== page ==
Awusife Kagbitor paces anxiously on a dry patch of land overlooking her collapsed and completely submerged three-bedroom home in Mepe in Ghana’s Volta Region.

She says she saw water gushing into her house from a nearby stream, and within 10 minutes the water level had reached her neck. On hearing that his mother’s home was flooding, her son Kenneth rushed to the scene and swam his way through the rising waters to save his mother and young siblings.

The 56-year-old farmer is one of thousands of victims of the floods in south-east Ghana. It’s a disaster she is struggling to come to terms with. They were taken unawares and couldn’t salvage anything, she tells me as beads of tears roll down her face.

“My entire farm is under the water and so is my house. I was only able to take my clothes. It took me about 14 years to build this house – there is nowhere to go, there is no other land to build on,” Ms. Kagbitor said.

Her fate is shared by nearly 26,000 others, displaced by floods caused by the controlled spillage of excess water from the Akosombo and Kpong hydro-electric dams near the southern tip of Lake Volta.

Ghana has been experiencing unpredictable rainfall patterns for months now, which many scientists say is the result of climate change.

Heavy rains have significantly increased the volume of water in the two dams, and officials of the Volta River Authority, the electricity company that manages the dams, started the “controlled spillage” of the facilities a month ago.

They say that the maximum safe operational level of the Akosombo dam is 277.5 feet. If the water behind the dam reaches any higher, it could burst.

The water level recently peaked just below this – around 277.26 feet, compelling them to “spill” excess water to prevent a catastrophe which could have dire consequences.

The Akosombo and Kpong Dams generate about a third of Ghana’s energy mix. Authorities say they will reduce the rate of spillage of the dams while monitoring the volume of water upstream.

The Akosombo dam was built in the 1960s, a project championed by Ghana’s first President Kwame Nkrumah to provide much-needed energy to industrialise the country.

Its construction flooded parts of the Volta River Basin in the eastern region of southern Ghana and around 80,000 people had to be relocated.

It also led to the creation of the Volta Lake, the largest man-made lake in the world by surface area.

The dam has subsequently been spilled when needed, with limited impact on communities. However, this year’s flooding is one of the worst to hit the more than 100 communities living downstream since the dam’s creation.

The National Disaster Management Organisation estimates that eight districts have been affected since the flooding started on Wednesday 11 October.

Many homes have been completely submerged and authorities are only beginning to assess the impact of the floods.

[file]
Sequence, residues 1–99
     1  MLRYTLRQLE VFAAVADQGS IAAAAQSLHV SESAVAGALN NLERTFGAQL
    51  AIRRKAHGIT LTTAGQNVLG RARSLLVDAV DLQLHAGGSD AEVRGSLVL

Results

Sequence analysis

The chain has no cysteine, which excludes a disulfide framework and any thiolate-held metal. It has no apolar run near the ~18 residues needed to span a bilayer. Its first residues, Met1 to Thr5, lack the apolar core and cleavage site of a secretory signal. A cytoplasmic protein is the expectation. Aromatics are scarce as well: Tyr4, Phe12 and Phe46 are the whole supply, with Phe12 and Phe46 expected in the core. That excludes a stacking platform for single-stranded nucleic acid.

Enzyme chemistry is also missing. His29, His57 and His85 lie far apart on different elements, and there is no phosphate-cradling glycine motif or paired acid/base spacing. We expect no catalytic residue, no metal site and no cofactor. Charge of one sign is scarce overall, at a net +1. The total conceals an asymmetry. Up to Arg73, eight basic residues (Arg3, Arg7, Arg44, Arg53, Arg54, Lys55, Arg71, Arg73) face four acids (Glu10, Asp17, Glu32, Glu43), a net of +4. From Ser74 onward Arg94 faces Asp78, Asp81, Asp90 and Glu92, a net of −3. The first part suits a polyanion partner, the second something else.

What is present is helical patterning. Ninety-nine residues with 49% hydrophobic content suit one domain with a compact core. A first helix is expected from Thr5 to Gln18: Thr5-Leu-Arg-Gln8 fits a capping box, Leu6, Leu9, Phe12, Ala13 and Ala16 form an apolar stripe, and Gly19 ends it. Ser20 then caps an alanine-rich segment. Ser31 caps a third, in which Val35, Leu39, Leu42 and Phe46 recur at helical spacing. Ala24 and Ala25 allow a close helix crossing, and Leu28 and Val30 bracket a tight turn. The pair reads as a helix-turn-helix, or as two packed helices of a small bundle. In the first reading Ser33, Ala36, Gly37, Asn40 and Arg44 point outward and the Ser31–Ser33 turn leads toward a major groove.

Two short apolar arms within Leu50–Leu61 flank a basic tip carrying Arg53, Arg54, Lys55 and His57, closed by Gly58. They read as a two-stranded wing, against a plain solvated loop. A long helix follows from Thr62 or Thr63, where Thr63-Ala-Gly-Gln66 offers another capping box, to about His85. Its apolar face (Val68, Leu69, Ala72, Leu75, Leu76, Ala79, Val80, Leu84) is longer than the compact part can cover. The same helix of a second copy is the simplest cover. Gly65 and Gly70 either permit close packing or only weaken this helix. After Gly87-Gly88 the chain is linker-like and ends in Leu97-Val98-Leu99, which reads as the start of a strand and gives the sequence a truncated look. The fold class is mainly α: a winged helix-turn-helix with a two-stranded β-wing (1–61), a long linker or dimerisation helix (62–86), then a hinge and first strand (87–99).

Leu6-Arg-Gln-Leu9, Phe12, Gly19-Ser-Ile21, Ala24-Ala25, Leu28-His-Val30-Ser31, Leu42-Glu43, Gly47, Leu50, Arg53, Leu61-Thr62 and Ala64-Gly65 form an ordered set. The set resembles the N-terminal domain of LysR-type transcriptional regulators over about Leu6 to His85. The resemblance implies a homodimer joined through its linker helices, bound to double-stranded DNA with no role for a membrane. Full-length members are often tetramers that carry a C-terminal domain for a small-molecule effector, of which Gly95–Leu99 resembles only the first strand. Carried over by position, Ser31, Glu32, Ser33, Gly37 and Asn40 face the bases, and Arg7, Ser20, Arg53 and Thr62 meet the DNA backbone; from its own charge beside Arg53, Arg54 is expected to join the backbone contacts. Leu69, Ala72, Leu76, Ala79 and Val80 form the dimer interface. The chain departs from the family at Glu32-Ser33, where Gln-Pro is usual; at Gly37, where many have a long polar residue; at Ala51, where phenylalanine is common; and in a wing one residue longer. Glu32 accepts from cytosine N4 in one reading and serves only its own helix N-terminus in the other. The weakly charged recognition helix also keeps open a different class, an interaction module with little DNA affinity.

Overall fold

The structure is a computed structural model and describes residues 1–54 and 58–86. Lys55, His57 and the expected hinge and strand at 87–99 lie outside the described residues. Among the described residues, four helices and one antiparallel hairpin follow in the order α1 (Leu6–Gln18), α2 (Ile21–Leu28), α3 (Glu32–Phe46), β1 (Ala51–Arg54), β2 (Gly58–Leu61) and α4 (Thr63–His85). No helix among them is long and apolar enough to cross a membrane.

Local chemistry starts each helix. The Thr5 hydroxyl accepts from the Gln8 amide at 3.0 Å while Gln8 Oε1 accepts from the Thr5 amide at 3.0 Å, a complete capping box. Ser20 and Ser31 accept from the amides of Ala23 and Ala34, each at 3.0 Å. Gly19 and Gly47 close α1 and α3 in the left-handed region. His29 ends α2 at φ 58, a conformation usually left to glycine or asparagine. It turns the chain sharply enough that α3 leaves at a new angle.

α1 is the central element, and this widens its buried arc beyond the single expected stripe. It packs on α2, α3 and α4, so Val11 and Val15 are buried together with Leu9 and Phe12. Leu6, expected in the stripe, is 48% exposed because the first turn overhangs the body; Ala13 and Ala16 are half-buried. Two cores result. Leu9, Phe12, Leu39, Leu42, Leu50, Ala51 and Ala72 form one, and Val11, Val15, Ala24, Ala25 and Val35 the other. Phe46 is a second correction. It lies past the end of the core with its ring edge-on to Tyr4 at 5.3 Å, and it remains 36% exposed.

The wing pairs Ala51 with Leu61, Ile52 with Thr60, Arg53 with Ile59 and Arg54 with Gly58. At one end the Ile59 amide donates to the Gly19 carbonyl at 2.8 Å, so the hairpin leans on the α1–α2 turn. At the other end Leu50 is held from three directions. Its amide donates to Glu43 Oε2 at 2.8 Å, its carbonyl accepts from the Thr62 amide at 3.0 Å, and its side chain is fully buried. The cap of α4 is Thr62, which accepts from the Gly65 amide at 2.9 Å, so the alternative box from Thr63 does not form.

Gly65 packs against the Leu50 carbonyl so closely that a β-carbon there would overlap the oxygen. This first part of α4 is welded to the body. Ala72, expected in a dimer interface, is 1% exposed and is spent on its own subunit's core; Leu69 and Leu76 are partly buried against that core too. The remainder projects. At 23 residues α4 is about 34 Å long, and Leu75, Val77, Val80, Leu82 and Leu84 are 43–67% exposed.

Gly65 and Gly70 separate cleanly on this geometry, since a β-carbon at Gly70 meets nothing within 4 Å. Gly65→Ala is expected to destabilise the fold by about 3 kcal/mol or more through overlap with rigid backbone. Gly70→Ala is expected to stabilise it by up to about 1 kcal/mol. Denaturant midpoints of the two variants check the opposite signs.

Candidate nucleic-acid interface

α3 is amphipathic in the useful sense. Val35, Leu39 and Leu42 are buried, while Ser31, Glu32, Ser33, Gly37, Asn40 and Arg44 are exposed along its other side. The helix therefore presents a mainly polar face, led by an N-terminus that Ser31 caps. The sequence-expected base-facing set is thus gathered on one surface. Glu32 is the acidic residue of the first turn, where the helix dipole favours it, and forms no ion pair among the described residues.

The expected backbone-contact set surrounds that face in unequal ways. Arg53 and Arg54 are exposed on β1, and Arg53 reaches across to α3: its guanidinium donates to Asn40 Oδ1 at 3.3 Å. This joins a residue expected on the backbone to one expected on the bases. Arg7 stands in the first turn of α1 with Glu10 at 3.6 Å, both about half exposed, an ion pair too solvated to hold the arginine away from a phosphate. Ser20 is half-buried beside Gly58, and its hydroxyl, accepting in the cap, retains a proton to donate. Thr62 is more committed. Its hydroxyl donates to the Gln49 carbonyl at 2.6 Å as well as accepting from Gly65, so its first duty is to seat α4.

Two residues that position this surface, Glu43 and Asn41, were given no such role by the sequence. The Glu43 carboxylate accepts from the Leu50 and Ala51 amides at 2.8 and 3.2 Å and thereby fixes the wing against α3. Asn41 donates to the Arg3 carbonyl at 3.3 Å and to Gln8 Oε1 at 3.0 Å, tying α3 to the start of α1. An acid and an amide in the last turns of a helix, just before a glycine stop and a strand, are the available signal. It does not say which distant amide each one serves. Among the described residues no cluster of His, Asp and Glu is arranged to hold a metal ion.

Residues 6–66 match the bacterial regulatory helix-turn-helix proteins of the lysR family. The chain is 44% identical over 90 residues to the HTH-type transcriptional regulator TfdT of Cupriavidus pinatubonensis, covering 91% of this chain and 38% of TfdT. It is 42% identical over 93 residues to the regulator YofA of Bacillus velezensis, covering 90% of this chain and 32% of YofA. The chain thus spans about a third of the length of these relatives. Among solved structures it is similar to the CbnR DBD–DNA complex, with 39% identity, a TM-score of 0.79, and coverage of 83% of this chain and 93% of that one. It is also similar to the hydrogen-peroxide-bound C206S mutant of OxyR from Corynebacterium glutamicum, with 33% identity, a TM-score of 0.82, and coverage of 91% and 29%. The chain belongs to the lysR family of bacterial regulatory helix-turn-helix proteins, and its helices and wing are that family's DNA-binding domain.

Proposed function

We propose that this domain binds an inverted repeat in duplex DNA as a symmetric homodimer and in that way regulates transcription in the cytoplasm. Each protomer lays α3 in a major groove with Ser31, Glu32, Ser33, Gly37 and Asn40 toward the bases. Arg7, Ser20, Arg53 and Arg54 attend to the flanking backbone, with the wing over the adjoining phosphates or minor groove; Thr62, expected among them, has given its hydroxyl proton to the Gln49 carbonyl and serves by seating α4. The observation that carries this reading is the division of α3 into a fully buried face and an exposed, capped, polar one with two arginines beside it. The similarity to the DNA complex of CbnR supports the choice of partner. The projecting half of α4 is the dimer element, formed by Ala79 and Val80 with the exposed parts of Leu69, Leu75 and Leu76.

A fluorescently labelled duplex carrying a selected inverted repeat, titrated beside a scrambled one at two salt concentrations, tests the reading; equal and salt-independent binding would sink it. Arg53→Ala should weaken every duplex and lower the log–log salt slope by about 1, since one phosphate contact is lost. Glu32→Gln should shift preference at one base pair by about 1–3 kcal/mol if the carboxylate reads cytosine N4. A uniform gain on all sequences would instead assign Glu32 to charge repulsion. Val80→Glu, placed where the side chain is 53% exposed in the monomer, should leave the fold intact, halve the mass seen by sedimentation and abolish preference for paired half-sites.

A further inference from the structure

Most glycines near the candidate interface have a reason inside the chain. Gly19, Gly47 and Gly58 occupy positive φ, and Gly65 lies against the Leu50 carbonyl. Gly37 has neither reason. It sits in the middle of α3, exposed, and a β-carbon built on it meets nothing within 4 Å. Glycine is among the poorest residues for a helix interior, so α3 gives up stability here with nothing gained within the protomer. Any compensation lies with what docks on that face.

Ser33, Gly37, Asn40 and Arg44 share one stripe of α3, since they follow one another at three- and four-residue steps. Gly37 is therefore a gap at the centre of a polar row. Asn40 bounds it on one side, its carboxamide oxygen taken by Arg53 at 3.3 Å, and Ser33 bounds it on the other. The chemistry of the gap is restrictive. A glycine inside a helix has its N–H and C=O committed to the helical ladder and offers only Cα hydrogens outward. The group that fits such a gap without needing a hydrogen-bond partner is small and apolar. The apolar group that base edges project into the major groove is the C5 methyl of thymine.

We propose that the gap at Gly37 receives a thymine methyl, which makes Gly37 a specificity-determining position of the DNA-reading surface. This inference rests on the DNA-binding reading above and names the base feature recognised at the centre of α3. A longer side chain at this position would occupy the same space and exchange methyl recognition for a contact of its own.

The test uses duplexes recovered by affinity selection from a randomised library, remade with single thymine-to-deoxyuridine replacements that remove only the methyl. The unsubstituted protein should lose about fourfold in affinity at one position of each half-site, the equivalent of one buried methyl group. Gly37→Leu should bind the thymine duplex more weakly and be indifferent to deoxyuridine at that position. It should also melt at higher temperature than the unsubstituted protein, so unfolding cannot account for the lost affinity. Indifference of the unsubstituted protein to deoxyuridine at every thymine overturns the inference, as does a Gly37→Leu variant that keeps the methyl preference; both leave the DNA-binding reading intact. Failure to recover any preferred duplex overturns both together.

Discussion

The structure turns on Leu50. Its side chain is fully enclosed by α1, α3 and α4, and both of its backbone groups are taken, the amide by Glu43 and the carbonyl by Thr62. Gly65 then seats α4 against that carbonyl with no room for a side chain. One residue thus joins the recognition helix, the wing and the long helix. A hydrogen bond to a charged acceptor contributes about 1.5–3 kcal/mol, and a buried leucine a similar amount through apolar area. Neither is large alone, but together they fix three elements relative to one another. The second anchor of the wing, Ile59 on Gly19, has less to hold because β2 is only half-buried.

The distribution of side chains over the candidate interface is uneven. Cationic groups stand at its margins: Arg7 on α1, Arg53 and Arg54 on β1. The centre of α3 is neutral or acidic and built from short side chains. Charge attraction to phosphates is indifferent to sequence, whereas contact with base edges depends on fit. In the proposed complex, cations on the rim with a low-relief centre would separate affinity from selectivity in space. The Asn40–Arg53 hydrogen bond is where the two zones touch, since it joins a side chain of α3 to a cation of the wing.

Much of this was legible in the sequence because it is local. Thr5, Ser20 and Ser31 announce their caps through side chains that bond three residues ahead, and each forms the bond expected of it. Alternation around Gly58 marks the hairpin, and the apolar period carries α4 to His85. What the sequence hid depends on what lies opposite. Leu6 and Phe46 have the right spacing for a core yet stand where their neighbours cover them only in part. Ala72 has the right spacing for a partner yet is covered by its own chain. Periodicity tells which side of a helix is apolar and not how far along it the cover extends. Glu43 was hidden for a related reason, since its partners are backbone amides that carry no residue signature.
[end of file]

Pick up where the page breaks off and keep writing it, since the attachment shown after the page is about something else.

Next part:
About a quarter of the Mepe community in an area we visited has been seriously impacted by the water.

Toilet facilities, cemeteries and refuse dumps have all been flooded, raising serious concerns about the outbreak of disease. Essential services like water and electricity are no longer reaching the affected areas.

Local official Ahorsu Amos Borlor said that residents ignored his repeated warnings to take precautionary measures when the spillage started.

“There are about 15 communities in the lower Volta basin. Eight of them have been greatly affected, farmlands have been washed away, so economic activities have been greatly affected. We are feeling bad, our livelihood has been taken away, this is not how we live,” said Mr. Borlor.

Local resident Brian Foekpa is still reeling from the disaster. He says the flooding happened so quickly he couldn’t take any of his belongings and could only save his family.

“The bike I use for my okada [motorcycle taxi] business is in the room that collapsed, so it has affected me. No food to eat. My farm has been washed away by the floods. As I’m talking to you, these clothes I have on me now are the only ones I have.”

The Volta River Authority says it warned residents in the area ahead of the spillage. The power company also carried out simulation exercises with some communities about how to deal with a potential disaster, but that doesn’t seem to have lessened the impact of the floods.

Ghana’s navy has been assisting with rescue efforts. It says it has rescued over 8,000 people so far.

The Deputy Director General of the National Disaster Management Organisation (Nadmo), Seji Saji, attributes the floods to heavy rains brought about by climate change.

“The heavy inflows from upstream of the Volta dams can only be explained by the volume of water that we are receiving from Burkina Faso to the northern region because those form the catchment areas of the Volta dams,” he said.

“The quantum of water coming is very serious and we can only explain this with the issue of global warming and climate change.”

He added that they have set up several holding areas for people displaced from their homes and are providing some relief aid.

However, with more rains predicted, the water levels of the dams will keep rising – and so will the numbers of the displaced, and people like Ms. Kagbitor will only be able to look on as their lives and livelihoods disappear under water.

Source: bbc.com

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